Forecasters say Ian is poised to spend days dumping rain on Florida after it makes landfall as a hurricane, a troubling scenario that could lead to widespread flooding and damage.
The storm is forecast to slow to a craw as it reaches land, leading to extended rainfall up to 2 feet in some areas that may see localized flooding.
A Tuesday National Hurricane Center forecast shows the storm could slowly trek through the state from Wednesday through Friday.
Ian is likely to impact the entire state, with the areas in its direct path expected to see widespread damage and winds of well over 100 mph, according to Anthony Reyes, with the National Weather Service in Miami. Plus, coastal areas along the Gulf of Mexico are even more prone to storm surge floods.
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Here’s what to know about how Hurricane Ian’s winds and flooding will impact Florida:
How much rain is Florida going to get?
Parts of Central Florida could see 12-16 inches of rain with 2 feet possible in isolated areas, according to the National Hurricane Center. Other areas of the state might see between 6 and 8 inches, with isolated areas getting up to a foot.
Some areas on the western coast of the state, such as Charlotte Harbor, should expect to see 8-12 feet of storm surge, the center said.
“In some areas there will be catastrophic flooding and life-threatening storm surge,” Gov. Ron DeSantis said Tuesday.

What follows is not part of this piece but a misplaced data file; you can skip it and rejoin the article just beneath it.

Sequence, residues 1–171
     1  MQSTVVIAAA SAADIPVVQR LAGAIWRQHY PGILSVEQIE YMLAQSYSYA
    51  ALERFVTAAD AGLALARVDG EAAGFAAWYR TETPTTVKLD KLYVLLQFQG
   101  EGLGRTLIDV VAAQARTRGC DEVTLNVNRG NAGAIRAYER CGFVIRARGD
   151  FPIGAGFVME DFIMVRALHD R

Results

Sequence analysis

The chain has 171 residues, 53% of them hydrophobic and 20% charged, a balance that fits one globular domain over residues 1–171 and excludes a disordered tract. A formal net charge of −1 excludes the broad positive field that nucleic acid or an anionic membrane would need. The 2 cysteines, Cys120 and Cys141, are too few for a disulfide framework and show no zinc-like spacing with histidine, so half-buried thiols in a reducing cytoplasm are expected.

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What makes Ian dangerous?
Ian is expected to make landfall in Florida, somewhere between Tampa and Fort Myers, and then continue moving through Central Florida as it weakens. It will already be moving as slowly as 5 mph when it hits, which means its path through the state will be slow.
“When these kind of systems slow down, they allow for an even more extended period of time for the same locations to receive rains,” Reyes said. “That exacerbates the potential for localized flooding.”
Reyes said the concentrated metro areas in the storm’s path are especially at risk. Flash and urban flooding are expected mid-to-late week across central and northern Florida, southern Georgia and coastal South Carolina.
Ponds could help curtail flooding impacts
Florida’s flood management system includes tens of thousands of stormwater ponds, which are built in developed areas to help collect and store stormwater runoff.
In residential and commercial areas where stormwater ponds are common, a “buffer” may help curtail flooding impacts, said Eban Bean, an assistant professor in the University of Florida’s Department of Agricultural and Biological Engineering.
“While they’re not going to be able to catch all of this stormwater volume, they are going to help by slowly releasing that water downstream rather than letting it all come at once whenever the rain is at its most intense,” Bean said.
Even still, the stormwater ponds just aren’t built to handle the amount of rainwater expected with Ian, and excess volume will likely cause flooding that persists while the mitigation systems drain it out. But neighborhoods in Ian’s path with stormwater ponds, such as Lakewood Ranch which has over 300, may fare better than those without.
How long will it take to recover?
In some areas of the state, structural damage caused by hurricane-level winds could make some residential buildings “uninhabitable” for weeks or even months, the National Weather Service in Miami said.
As for flooding, water could take several days to fully drain because of Florida’s relatively flat topography, Bean said. And recovery also depends on subsequent weather activity, Bean said; if other tropical systems form, it could take much longer.
“This is going to be a test of our (stormwater management) system,” Bean said.